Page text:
Crocodile ferns (Microsorum musifolium) have leaves with a lot of personality and can be a favorite among fern lovers. The leaves of the ferns resemble the distinctive leathery appearance of crocodile skin which is how the plant got its name.
Typically found in Southeast Asia and parts of Australia, this fern is a little picky about its environment and thrives in humid, tropical environments. Although they are very slow growers, they make great statement pieces since they can grow up to 5 feet.
With plenty of water and bright, indirect sun, you can easily add these unusual ferns to your houseplant collection. If you live in zones 10 or 11, you can even try adding these ferns to your outdoor garden at any time during the year.
|Botanical Name||Microsorum musifolium|
|Common Name||Crocodile fern|
|Plant Type||Houseplant or perennial|
|Mature Size||2-5 ft. tall and wide|
|Sun Exposure||Bright, indirect late to shade|
|Soil Type||Rich, moist, well-draining|
|Soil pH||Slightly acidic to neutral|
|Hardiness Zones||10-11 (USDA)|
|Native Area||Southeast Asia and Australia|
Crocodile Fern Care
For such an exotic plant, crocodile ferns can be easy to care for, but remember to give them a little TLC along the way. Plenty of water and humidity will keep your fern happy. Just be sure that your soil and pot drain easily. Because crocodile ferns love humidity, they make great additions to bathrooms or kitchens. In addition, there aren’t many pests or diseases to worry about.
Like most ferns, the crocodile species is naturally found growing under a canopy of trees. Because of this, your plant will like lighting that mimics the dappled, bright, indirect sunlight that they would receive on the forest floor.
These plants still need sunlight; just be sure they aren’t getting direct sunlight, like in a window. Too much sunlight can burn the leaves.
These ferns love loose, rich, moist, and well-draining soil. Add peat moss and perlite to loosen up the soil if necessary, which keeps the soil draining easily.
Crocodile ferns love water. Water your plant thoroughly and consistently. When you notice the top of the soil getting dry, water until it drains out of the bottom of the pot. Continue to let the water drain out until it no longer drips to ensure your fern is not sitting in a soggy mess.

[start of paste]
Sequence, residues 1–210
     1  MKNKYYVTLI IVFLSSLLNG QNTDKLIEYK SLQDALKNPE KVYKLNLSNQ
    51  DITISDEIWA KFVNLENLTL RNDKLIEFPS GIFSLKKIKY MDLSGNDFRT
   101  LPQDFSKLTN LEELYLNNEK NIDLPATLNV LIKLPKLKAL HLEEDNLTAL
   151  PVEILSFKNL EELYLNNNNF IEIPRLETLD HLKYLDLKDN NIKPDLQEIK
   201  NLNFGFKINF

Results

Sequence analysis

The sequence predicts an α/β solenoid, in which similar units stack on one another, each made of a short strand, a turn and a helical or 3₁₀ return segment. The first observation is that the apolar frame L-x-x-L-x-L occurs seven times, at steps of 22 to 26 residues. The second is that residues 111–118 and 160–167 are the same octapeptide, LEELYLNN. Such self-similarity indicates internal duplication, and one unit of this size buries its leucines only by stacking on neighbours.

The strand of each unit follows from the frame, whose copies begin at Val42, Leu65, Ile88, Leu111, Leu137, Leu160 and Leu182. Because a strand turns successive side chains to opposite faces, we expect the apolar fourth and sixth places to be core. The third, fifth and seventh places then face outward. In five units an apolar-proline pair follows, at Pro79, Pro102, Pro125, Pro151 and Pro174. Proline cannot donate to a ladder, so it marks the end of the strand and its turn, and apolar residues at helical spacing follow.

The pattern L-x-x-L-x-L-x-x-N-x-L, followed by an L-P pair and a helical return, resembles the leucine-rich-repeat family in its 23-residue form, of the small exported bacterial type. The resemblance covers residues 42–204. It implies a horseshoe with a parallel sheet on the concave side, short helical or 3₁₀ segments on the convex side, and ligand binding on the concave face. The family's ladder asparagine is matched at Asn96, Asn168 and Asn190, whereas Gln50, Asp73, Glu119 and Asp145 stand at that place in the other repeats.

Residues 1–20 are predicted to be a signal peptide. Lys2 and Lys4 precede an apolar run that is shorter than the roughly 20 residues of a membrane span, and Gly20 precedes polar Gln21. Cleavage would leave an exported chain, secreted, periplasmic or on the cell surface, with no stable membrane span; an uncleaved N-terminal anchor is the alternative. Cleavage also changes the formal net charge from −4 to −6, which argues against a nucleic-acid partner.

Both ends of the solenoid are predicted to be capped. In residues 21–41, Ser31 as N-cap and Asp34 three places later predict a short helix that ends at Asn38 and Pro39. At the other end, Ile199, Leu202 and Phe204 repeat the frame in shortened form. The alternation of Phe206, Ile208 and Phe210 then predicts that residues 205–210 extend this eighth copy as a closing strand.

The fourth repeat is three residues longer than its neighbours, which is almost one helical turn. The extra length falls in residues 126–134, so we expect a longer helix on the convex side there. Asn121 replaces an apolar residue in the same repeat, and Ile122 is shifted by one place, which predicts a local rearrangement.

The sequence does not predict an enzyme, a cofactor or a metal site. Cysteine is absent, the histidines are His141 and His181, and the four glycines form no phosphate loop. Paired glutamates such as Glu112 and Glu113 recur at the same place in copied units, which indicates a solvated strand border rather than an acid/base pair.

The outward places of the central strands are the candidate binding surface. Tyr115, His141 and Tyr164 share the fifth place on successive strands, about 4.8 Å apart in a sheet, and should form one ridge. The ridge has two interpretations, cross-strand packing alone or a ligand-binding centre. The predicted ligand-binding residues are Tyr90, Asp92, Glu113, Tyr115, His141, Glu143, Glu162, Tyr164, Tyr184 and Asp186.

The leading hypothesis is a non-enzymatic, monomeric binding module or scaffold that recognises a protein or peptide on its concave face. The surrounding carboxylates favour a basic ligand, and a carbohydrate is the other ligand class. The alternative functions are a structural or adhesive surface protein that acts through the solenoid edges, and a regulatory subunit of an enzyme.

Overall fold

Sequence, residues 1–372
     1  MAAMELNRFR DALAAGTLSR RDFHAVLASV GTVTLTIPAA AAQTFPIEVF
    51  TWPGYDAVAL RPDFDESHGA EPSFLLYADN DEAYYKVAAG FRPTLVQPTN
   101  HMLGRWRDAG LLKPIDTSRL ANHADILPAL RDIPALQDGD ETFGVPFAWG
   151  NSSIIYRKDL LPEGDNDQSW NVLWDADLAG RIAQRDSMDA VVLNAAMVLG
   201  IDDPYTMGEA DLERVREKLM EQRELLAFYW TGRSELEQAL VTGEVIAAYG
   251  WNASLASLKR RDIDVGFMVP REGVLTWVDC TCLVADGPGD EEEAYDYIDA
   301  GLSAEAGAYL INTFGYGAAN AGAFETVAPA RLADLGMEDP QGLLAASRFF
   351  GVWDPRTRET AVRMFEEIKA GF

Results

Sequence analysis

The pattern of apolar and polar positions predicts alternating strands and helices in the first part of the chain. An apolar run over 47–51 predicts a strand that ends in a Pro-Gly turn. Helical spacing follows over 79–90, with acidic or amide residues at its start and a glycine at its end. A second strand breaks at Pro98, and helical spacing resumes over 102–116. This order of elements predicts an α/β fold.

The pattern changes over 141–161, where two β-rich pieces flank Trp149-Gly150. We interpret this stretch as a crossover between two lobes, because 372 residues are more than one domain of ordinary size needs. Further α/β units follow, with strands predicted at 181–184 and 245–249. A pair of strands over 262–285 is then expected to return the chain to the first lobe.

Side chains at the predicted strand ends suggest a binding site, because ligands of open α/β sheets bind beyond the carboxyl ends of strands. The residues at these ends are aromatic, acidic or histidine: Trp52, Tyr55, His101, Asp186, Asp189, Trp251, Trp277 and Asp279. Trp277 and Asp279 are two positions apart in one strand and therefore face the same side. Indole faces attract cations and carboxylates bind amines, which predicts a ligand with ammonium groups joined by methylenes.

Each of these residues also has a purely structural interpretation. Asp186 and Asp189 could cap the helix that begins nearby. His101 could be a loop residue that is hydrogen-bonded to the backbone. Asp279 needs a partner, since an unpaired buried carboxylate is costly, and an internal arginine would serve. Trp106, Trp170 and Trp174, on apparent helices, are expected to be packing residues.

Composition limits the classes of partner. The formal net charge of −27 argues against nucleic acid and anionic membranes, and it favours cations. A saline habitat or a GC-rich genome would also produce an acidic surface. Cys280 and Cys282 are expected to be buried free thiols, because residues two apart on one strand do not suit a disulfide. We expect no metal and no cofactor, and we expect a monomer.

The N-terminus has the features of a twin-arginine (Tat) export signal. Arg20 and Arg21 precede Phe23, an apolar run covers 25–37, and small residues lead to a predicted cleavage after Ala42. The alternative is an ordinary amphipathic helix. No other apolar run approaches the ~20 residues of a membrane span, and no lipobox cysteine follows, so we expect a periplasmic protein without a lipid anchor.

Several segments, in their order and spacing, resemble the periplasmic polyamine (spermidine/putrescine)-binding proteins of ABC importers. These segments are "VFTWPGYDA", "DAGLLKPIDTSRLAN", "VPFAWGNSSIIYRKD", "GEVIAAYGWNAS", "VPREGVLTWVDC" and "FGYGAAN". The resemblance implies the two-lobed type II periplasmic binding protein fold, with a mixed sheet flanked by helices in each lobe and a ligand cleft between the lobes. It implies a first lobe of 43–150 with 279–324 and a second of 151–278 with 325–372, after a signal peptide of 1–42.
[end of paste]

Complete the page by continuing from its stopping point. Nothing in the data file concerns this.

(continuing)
Temperature and Humidity
Because this plant is native to the tropics, it does not handle cold weather well. It can be grown outside in zones 10 or 11, but any area colder than that could kill it.
Luckily, this beautiful fern makes a great houseplant. Just be sure to keep it away from drafts, air conditioners, or heating vents.
Because crocodile ferns also love humidity, the lack of it could make your plant's leaves form crispy brown tips. There are a few things you can do to give your fern the humidity levels it likes:
- Set your pot on a tray of pebbles with a small amount of water in it. The evaporating water will keep your fern moist. Just be sure that the pot is not sitting in the water.
- Mist your fern daily with a mister.
- Take your fern into the bathroom while you shower. The heat and the humidity will be like a spa day for your plant.
Properly fertilizing your fern can help keep it healthy and full of foliage. However, too much fertilizer can burn your plant, causing burn marks on foliage.
A diluted water-soluble fertilizer is a good option. Use a fertilizer that is specifically formulated for ferns. Fertilize once a month during spring and summer to promote healthy growth.
Propagating Crocodile Ferns
Unlike other plants, ferns do not use seeds to reproduce; instead, they use spores. However, propagating your fern through spores is not always easy, and may not yield results.
Luckily, you can create more ferns by dividing the roots. It is best to wait until you have a substantial plant before attempting root division. Propagate a few sections because not all of them may take. The process to divide the roots is simple:
- Gently remove your crocodile fern from its pot.
- With its roots now exposed, carefully work your fingers into the roots to separate a part of your fern; overhandling or damaging the roots can kill the plant.
- Plant your new fern in its own pot and water thoroughly.
- Keep the soil moist, especially during the first few weeks.
Potting and Repotting
Crocodile ferns are slow growers, so you won’t need to worry about repotting very often. When you notice the roots getting crammed in its current pot or your fern is top-heavy, you will want to give your plant a bigger pot. Repotting is easy when you follow these quick steps:
- Carefully turn the pot with your plant on its side.
- Gently work the plant out from the pot. If it is in a plastic pot, squeeze it gently to release the roots from the pot.
- Place your fern in its new home with fresh dirt and water.
- Do not bury your fern too deep, however, because these plants have shallow root systems.
Common Pests & Diseases
Scale insects can be a common problem for crocodile ferns. Combating scale is not always easy and requires diligence. For an indoor plant, prune the affected stems. If scale persists, gently rub leaves with rubbing alcohol using a cotton swab. If your fern is outdoors, it's easier to kill scale using neem oil.
If your fern is sitting in soil that is not well-draining, the soggy soil can lead to problems like root rot or fungal growth.